It’s done ! The SUMMA project ended officially on 31 January 2019. But it does not mean we stop here. The outcome is very promising, the tools will lead their own lives, and we will continue to inform and support the SUMMA community.

We give you a brief overview of the results and achievements of this very interesting project.

We have advanced research on the 10 SUMMA components and their underlying technologies:

  • speech recognition
  • metadata extraction from broadcast media
  • machine translation
  • streaming implementation of storyline clustering and topic detection
  • entity tagging and linking
  • knowledge base construction
  • forecasting and fact checking
  • story-level semantic parsing
  • story highlight generation and summarisation

Our machine translation research, for instance, pushed the state-of-the-art in both quality and speed. We investigated deeper recurrent models, and document level translation and our models won many language pairs in WMT16 and WMT17 evaluations. In SUMMA we also spearheaded the development of the Marian toolkit for training and deploying neural MT systems, which is now being deployed in the EU, UN and Microsoft. Another example: One of the main novelties of the SUMMA platform is the ability to provide automatic summaries for news articles and groups of related stories (clusters). To this end, we developed eight novel summarisation models and published over ten papers on the subject, for three types of approaches: extractive (sentence selection), compressive (sentence compression) and abstractive (text generation). We advanced the state-of-the-art on several fronts, and developed models which learn to represent text and to select/generate a summary with the most relevant content. Among other approaches, we leveraged neural architectures such as Long Short-Term Memory (LSTM) networks and Convolutional Neural Networks (CNN), and representation formalisms such as Abstract Meaning Representation (AMR). See  and check out our blog over the next few weeks for more details on this.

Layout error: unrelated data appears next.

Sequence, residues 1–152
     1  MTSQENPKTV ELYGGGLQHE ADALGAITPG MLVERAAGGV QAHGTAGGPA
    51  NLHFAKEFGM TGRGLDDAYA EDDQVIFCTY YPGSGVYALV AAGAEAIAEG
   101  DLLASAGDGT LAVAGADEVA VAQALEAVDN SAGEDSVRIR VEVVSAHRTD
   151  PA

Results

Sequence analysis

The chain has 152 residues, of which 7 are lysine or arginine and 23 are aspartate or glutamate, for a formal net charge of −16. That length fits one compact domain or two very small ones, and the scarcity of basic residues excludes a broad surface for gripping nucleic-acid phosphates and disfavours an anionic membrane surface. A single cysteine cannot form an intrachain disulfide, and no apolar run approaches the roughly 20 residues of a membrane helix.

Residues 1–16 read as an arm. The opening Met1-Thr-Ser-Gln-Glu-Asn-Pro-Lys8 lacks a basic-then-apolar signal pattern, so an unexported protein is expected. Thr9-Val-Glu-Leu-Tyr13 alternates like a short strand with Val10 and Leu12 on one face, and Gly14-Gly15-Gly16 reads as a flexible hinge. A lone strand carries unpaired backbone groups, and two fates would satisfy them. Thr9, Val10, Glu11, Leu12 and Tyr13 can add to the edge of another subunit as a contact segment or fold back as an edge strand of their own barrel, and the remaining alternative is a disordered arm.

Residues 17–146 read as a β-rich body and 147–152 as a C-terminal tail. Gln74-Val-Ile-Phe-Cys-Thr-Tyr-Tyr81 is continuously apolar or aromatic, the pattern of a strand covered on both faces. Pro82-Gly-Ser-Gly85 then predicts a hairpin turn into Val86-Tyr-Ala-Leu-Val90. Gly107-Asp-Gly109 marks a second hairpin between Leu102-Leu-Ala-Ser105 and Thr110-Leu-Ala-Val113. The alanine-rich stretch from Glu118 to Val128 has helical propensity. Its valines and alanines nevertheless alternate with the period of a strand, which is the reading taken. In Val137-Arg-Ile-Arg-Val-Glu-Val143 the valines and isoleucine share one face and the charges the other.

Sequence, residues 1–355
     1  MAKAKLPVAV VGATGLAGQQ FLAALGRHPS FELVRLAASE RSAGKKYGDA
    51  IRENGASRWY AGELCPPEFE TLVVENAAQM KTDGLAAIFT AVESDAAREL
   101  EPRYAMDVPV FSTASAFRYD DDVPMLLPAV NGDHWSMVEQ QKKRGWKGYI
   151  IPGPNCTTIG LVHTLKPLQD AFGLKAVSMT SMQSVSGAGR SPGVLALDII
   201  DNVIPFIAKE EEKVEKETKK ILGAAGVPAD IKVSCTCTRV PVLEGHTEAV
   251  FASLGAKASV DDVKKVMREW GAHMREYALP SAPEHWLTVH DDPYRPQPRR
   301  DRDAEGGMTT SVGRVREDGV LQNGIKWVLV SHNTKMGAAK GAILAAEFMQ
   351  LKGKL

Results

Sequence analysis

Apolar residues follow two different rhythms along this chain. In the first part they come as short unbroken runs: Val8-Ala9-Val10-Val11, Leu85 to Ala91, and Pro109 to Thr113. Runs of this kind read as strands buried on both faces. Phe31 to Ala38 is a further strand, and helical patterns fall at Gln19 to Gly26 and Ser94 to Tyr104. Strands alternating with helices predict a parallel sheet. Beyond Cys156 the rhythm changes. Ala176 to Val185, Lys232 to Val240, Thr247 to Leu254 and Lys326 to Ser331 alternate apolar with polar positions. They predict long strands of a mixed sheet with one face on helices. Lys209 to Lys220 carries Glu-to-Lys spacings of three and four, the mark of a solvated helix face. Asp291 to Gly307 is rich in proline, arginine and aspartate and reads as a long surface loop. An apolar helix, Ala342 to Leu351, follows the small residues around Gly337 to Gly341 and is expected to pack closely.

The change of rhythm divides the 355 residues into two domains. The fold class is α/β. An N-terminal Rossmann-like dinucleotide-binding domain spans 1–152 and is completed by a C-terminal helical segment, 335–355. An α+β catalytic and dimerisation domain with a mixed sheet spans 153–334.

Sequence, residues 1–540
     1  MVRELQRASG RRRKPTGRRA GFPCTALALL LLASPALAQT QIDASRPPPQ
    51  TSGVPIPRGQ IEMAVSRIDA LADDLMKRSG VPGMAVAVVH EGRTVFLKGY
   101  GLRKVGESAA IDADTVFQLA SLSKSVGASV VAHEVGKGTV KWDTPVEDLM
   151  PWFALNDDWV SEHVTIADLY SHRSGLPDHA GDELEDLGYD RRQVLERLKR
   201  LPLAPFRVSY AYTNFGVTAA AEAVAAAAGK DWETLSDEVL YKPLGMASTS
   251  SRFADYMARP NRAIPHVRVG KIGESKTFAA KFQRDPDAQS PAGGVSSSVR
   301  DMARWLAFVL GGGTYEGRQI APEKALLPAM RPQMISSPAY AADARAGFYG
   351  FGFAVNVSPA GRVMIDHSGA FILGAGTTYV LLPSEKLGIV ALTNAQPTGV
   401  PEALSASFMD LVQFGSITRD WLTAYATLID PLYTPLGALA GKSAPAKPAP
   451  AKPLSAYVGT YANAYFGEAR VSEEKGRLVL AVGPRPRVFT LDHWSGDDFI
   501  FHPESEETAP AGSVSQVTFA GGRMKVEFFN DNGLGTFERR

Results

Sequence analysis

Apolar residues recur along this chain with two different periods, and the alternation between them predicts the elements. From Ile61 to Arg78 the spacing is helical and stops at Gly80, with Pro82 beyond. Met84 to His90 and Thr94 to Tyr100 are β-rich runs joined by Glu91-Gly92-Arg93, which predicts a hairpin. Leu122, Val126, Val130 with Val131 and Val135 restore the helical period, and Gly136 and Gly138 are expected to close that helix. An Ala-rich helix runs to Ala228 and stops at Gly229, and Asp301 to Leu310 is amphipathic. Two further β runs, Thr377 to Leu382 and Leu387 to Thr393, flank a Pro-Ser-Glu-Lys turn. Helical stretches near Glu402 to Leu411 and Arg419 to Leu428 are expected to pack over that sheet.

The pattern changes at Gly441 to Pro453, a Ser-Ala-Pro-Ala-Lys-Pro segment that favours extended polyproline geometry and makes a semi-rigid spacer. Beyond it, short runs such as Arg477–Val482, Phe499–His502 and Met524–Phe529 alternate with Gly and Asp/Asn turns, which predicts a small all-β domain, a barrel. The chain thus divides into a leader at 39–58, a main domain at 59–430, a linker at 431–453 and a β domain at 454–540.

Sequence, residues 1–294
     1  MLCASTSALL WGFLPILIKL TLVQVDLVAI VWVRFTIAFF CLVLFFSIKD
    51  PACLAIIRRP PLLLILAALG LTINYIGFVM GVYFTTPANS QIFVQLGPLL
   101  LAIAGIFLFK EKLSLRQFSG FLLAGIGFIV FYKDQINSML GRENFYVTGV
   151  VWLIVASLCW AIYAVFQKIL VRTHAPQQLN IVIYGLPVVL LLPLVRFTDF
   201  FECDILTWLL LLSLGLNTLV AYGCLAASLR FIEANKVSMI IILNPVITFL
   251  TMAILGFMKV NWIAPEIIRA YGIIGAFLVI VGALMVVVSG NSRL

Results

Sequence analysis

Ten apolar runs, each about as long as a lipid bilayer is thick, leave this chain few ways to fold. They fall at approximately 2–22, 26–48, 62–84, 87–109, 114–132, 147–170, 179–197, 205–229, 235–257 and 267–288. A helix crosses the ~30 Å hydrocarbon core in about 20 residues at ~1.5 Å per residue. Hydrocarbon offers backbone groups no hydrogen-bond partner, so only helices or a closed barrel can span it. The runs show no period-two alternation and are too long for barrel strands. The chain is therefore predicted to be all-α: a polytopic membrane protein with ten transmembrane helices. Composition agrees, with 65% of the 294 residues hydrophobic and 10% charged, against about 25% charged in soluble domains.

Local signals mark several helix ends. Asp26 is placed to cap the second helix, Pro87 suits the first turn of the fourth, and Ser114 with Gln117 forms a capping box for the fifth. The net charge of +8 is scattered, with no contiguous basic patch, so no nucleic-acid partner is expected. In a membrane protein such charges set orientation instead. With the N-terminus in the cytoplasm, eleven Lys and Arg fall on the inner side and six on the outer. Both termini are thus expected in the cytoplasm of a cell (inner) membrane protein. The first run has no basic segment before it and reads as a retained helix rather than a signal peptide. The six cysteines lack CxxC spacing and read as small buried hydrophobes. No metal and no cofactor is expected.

The integrated SUMMA platform is a fact. It was developed as a prototype, but a very solid one, and serves as a basis for full and very powerful monitoring systems. We have tried it extensively, in particular at BBC Monitoring and Deutsche Welle, involving evaluators from a range of sections, including innovation specialists, journalists, editors, monitors from all languages supported by the platform. In addition, it has been demonstrated widely and raised considerable interest from other media companies and broadcaster groups, such as EBU. The SUMMA user days and other occasions gave external users a chance to try out the systems themselves and consider potential use and provide feedback.

We have built a common monitoring platform which is robust and flexible. It caters for different applications, target groups and supporting modules. The platform is Docker-based, making it possible to smoothly add or change components. Flexibility is key and we have focused upon that objective. It currently processes nine languages (English, German, Spanish, Portuguese, Arabic, Russian, Farsi, Latvian and Ukrainian). The range of languages can be expanded by adding dockerised models for ASR and MT. It is highly customisable. By integrating off-the-shelf tools, we can even cover virtually all major languages. This opens up great possibilities.